CSU faculty are of course not the only workers who have felt the impingements of inflation. Other workers have flexed their muscle, and the outcome has been a mitigation of the inroads that inflation has made on their income. As a quick review of other employers who have recognized the extent that inflation has hampered the ability of workers to make ends meet, here are some other results:

July, 2023
“United Airlines pilots will get immediate wage-rate increases of 13.8% to 18.7%, depending on the type of plane they fly, followed by four smaller annual raises”

Full-time United Parcel Service (UPS) drivers got at least a ten percent pay raise this year in their new five year contract.

Here is the pay raise schedule that was agreed upon by the United Teachers Los Angeles:
3% retroactive to July 1, 2022
4% retroactive to Jan. 1
3% effective July 1, 2023
4% effective Jan. 1, 2024
3% effective July 1, 2024
4% effective Jan. 1, 2025

Why should CSU professors accept only a five percent raise in 2023-2024 when a high school teacher is getting seven percent between July 1, 2023 and January 1, 2024? That raise is in addition to a retroactive raise meant to compensate teachers for the extraordinary amount of inflation in 2022-2023.

Once again, let me reiterate the actual jump in the cost of living.

“Inflation may be cooling — but drivers can’t seem to catch. break” by Elisabeth Buchwald, 8:08 a.m. August 12, 2023

“It will cost 19.5 percent more to repair your car now than it did a year ago, according to July’s Consumer Price Index report, released Thursday by the Bureau of Labor Statistics. …. (C)ar insurance (is) up 17.8 percent from a year ago.”

The CO has claimed that it has “deep respect” for the work that faculty do, but that “rapidly escalating costs of operation” preclude any pay raise beyond five percent. Their recalcitrance has a long history. In my own case, even after a half-dozen years of work following my promotion to full professor, my actual income has only minimally budged from the salary I was offered when I was appointed an assistant professor at California State University, Long Beach in 2006. The effects of inflation over the past 18 years have been that devastating.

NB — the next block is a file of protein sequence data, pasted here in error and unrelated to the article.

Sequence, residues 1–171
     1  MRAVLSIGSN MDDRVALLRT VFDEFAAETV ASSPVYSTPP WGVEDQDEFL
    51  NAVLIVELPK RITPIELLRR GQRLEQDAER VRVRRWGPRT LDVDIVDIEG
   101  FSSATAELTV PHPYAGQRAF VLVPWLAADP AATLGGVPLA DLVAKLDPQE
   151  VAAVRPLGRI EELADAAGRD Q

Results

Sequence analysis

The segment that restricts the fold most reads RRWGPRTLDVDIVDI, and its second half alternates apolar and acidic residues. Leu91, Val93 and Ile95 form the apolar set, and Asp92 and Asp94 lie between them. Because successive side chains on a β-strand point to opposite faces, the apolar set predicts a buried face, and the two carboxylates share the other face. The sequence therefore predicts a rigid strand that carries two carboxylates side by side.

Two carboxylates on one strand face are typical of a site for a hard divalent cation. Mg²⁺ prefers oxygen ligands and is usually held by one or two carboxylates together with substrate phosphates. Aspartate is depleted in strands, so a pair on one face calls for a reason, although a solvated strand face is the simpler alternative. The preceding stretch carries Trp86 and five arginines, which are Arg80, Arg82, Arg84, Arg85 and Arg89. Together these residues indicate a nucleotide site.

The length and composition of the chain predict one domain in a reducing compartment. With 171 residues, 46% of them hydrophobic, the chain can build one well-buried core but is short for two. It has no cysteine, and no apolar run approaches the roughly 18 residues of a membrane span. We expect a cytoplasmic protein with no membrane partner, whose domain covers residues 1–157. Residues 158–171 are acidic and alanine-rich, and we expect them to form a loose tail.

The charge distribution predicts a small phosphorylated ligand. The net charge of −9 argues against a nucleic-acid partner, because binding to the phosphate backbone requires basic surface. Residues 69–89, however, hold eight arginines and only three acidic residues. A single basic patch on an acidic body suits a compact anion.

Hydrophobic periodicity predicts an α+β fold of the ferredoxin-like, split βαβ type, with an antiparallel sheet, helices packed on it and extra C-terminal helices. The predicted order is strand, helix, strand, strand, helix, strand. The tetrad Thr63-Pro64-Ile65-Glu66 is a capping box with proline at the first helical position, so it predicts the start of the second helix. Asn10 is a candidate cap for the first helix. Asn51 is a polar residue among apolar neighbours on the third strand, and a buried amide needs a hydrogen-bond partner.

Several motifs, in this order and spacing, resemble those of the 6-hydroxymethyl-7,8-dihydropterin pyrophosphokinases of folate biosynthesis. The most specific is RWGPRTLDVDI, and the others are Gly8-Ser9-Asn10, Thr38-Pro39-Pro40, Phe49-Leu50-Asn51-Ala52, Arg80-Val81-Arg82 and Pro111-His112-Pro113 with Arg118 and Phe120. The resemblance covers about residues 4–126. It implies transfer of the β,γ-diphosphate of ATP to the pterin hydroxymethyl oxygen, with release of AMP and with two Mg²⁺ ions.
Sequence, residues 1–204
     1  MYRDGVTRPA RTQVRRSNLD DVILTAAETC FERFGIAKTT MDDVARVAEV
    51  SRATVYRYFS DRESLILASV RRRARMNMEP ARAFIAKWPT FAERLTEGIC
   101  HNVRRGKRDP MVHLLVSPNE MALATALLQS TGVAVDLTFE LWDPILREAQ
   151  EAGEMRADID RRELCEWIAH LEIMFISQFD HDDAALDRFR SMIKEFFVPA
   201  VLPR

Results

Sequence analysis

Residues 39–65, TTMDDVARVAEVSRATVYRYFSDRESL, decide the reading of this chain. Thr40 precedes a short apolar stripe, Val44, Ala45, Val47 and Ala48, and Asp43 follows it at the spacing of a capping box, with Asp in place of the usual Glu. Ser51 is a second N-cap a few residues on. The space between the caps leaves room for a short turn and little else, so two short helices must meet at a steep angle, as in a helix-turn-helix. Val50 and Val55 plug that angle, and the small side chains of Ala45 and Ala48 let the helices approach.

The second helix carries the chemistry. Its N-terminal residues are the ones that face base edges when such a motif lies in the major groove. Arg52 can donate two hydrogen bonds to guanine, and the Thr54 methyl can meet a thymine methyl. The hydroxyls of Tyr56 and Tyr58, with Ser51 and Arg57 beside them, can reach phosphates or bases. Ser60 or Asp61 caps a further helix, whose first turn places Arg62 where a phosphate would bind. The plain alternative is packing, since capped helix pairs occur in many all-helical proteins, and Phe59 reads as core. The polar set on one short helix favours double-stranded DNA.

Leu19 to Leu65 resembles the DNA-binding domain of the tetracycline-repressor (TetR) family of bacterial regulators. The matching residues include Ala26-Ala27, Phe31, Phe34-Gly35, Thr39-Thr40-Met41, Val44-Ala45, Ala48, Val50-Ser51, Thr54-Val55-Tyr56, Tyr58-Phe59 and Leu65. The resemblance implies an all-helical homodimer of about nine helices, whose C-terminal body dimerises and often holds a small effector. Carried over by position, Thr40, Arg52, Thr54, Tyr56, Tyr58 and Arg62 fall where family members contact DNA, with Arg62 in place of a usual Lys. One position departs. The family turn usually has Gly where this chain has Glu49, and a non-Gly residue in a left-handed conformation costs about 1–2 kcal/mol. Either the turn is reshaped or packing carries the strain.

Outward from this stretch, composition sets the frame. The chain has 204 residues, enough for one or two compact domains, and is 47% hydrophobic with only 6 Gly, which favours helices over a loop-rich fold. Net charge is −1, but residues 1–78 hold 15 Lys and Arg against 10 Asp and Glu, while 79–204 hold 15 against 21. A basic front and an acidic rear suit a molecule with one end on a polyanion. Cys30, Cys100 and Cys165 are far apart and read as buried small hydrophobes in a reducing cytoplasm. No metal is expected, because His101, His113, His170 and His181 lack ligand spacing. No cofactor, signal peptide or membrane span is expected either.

CSU Faculty have given the Chancellor’s Office a more than fair warning. This past semester included a one-day strike at four different campuses. Apparently, the CO believes that one day is the most that we are willing to walk on a picket line. We’ll see how things stand once the second week of classes start in late January and still no students are learning what they paid tuition for.

In the meantime, the money that was promised faculty as a very small raise starting in July, 2023 is five months overdue. Brotman Hall claims that it takes considerable time for each person’s paycheck to be calculated, but my guess is that by stalling the payment of this money, the CO has used the funds to invest in short-timer, high interest loans, thereby swelling its coffers through the use of money we have already earned.

In case you somehow think that the CO’s accountants don’t know how the capitalist game is played, think again. When students pay their fees in advance of the semester, that money doesn’t just sit around twiddling its manicured thumbs. That liquidity is used to make more cash ASAP. It’s the education business, and the business of education pays its administrators very well. Those who do the educating are asked to settle for “deep respect.”